MARSHALL - Marshall Police Chief Rob Yant considers himself on the fence concerning legislation that passed the House on Wednesday which would expand situations where Minnesota residents can use deadly force.
While the Minnesota Chiefs of Police Association has taken a strong position against the legislation because of how the bill would expand the potential to use deadly force, Yant is hedging a bit on the issue.
"I guess I'm not sure where I'm at," Yant said. "I do have concerns because deadly force is a serious issue. It's authorized if someone breaks into your home but (the new legislation) has a high degree of accountability. I think what we have now is a balance and we need to continue to have a balance between the accountability for the use of deadly force and being able to protect yourself."
The House approved the bill in an 85-47 vote Wednesday.
"There's a lot of support for this in rural areas," said District 22 Sen. Doug Magnus, R-Slayton. "For our contacts, there are some in law enforcement who are opposed to it - county attorneys, police - many are opposed to it, but many favor it also."
Magnus supports the bill because it could potentially be a life-or-death difference-maker, especially during an incident in a remote, rural area.
"These farms are fewer and farther between and even in small towns, by the time law enforcement gets to a home in the country, things could be all over with," he said.
State law already allows a person to defend his or her home or dwelling with deadly force; this bill would widen the definition of dwelling to include overnight accommodations, cars, tents and boats. The bill also creates a presumption that people who use deadly force in these cases believe they are threatened with harm, and eliminates an obligation in current law to retreat from such situations.
The Senate added a provision that does not allow people to use deadly force if they believe the person entering their property is a police officer.
Yant said there are two main reasons he's concerned about giving people more freedom to use a firearm. He said emotions play a large role in certain instances and can lead people to overreact - the "shoot first, ask questions later" mentality. He also worries about the increased potential for firearms to be stolen or lost if residents were allowed to use deadly force in their boat or in a tent.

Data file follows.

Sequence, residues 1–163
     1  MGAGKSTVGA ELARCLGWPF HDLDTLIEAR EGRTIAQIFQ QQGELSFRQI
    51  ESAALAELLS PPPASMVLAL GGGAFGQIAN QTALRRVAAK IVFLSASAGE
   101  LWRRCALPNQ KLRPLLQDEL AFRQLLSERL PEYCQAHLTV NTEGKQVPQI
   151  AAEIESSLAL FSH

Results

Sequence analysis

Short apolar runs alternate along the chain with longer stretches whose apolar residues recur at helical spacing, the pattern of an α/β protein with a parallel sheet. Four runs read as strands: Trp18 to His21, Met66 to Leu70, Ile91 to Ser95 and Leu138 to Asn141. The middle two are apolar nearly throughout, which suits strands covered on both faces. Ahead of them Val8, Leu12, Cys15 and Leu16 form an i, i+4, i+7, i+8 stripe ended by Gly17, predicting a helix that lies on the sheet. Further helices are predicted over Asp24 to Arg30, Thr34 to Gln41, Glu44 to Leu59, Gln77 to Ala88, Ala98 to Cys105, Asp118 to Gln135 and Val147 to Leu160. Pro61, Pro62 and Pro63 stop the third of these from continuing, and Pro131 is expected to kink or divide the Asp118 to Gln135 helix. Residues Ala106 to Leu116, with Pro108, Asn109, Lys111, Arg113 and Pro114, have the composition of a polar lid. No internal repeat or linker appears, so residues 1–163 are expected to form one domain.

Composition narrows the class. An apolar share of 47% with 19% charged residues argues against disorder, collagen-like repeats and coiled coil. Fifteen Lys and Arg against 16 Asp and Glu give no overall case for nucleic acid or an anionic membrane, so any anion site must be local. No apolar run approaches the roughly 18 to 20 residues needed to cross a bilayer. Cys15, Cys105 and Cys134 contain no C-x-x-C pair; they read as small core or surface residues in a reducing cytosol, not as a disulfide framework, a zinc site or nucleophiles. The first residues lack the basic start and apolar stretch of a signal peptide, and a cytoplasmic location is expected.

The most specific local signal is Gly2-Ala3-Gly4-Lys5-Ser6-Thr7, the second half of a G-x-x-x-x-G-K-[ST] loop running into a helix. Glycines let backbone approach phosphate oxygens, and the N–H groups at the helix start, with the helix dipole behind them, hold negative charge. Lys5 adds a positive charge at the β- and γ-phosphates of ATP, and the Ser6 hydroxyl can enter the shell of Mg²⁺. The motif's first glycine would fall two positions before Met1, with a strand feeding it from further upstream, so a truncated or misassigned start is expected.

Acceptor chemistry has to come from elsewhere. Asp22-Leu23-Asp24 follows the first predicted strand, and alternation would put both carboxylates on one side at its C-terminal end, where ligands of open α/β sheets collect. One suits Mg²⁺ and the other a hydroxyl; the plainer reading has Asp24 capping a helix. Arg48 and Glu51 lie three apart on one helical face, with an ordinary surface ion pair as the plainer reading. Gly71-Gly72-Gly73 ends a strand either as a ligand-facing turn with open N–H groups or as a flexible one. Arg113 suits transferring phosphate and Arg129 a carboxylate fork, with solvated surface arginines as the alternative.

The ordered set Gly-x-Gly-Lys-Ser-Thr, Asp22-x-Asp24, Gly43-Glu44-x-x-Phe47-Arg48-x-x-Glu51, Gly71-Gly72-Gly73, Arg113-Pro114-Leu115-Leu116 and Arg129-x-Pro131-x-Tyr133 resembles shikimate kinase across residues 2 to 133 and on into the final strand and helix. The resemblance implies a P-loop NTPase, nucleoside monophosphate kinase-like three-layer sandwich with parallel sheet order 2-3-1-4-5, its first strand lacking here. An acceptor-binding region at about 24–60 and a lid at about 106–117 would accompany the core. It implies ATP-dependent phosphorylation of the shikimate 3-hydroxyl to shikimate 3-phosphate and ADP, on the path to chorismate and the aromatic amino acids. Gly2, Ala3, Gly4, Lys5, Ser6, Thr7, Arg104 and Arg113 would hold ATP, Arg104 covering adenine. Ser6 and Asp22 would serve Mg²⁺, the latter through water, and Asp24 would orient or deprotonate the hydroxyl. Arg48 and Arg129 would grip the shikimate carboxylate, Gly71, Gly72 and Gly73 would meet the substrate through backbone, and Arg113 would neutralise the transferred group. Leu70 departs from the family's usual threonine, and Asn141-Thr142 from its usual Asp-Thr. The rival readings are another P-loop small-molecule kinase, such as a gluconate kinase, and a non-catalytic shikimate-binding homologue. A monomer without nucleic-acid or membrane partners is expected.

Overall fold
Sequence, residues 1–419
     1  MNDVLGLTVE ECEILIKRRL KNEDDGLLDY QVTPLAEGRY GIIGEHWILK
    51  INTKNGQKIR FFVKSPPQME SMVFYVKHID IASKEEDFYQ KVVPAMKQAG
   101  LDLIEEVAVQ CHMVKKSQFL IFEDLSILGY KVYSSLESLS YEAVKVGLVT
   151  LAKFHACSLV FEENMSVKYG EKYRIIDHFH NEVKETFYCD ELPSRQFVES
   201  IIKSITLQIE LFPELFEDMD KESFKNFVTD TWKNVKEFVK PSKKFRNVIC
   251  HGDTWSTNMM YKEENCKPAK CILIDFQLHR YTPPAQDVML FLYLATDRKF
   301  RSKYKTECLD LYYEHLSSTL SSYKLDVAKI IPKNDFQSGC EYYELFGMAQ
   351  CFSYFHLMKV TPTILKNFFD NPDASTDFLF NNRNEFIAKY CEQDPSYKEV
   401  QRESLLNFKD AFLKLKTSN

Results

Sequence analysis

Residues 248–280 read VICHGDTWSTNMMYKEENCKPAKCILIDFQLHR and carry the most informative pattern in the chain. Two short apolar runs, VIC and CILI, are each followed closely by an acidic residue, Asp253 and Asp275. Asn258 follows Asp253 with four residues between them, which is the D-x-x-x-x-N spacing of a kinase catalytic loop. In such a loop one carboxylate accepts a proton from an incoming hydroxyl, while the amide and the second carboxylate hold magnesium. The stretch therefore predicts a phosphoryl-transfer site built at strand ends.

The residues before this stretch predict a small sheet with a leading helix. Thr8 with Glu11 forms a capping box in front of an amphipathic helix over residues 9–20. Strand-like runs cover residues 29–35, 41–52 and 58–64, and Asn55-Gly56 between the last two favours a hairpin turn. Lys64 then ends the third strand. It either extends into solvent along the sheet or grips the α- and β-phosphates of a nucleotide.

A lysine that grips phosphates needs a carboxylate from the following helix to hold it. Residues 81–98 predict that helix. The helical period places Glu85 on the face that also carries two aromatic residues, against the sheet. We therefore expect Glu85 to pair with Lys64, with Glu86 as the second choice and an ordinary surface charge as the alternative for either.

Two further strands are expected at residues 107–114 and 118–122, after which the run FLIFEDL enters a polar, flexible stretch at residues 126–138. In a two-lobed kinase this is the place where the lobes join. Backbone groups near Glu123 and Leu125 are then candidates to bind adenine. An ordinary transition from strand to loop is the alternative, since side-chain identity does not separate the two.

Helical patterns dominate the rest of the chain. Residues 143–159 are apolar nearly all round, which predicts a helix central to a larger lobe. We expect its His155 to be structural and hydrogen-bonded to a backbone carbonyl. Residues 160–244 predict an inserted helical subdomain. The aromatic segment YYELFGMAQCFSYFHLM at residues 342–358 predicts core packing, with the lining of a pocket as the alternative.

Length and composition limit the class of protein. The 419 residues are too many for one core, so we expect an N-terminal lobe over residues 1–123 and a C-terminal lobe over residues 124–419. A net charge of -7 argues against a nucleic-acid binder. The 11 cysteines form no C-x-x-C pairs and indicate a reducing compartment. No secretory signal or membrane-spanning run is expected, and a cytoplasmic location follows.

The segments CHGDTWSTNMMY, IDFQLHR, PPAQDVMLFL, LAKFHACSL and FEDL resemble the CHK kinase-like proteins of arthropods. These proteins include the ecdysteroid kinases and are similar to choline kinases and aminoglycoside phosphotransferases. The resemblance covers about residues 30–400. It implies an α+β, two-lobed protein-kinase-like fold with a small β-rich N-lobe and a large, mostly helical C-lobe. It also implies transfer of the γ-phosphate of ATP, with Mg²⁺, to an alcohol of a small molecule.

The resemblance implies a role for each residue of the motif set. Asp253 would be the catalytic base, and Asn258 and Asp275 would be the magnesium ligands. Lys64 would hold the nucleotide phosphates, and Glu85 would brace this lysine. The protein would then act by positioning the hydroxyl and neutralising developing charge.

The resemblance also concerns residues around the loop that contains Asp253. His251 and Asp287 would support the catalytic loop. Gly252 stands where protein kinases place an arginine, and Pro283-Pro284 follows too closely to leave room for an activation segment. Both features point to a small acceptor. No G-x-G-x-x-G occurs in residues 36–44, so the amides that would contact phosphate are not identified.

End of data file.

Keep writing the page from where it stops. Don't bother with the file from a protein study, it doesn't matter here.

"I think the chance of being confronted in a life-threatening instance on a boat are probably pretty rare," he said. "Dealing with your boat and some of the other areas, will a firearm be used inappropriately? It could be stolen or get lost."
On the other hand, Yant said, in rural Minnesota where response time comes into play, he's not against the notion of letting people who live in the country forcefully use a firearm in a building, other than their home, on their property if the need arises.
"If you have a farmer and someone is trying to break into an outbuilding he's in - on a farmstead you might not have that quick response (from law enforcement)," he said. "I'm supportive of that aspect of it, but I do have concerns. I'm normally not this much on the fence, but it could be useful for us in a rural community. There's more remoteness out here, but I don't think you could set up legislation to differentiate between (rural and metro areas). I think that's why there are two different views on the same issue."
District 20B Rep. Lyle Koenen, DFL-Clara City, said gun owners should be given the benefit of the doubt and are aware of the responsibility that comes with owning a firearm.
"I heard the argument of a gun being lost or stolen, but I would also like to give people some credit," said Koenen, who supported the bill. "There's a responsibility that comes with gun ownership, and I think most people recognize that responsibility. For those who are up to no good, real criminals, somebody who intends to use a gun unlawfully, they always seem to be able to get ahold of a gun no matter what."
Koenen's DFL colleague District 20A Rep. Andrew Falk of Murdock voted against the bill, calling it "poorly drafted" and "too broadreaching."
"I support people's right to defend themselves," he said, "but you have to make sure to get the language right and that bills are put together in a way not to cause additional problems."
Yant said the state of Minnesota currently has a strong carry permit process and would like to see some standardization that recognizes states that have a process that works.
Gov. Mark Dayton has not said if he will veto the bill.